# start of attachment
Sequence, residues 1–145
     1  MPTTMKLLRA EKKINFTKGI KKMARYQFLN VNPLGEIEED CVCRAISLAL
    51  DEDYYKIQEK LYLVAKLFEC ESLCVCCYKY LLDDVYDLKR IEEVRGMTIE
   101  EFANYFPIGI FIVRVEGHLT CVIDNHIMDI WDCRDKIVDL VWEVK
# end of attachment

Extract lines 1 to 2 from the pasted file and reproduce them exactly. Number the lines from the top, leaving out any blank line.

Sequence, residues 1–145
     1  MPTTMKLLRA EKKINFTKGI KKMARYQFLN VNPLGEIEED CVCRAISLAL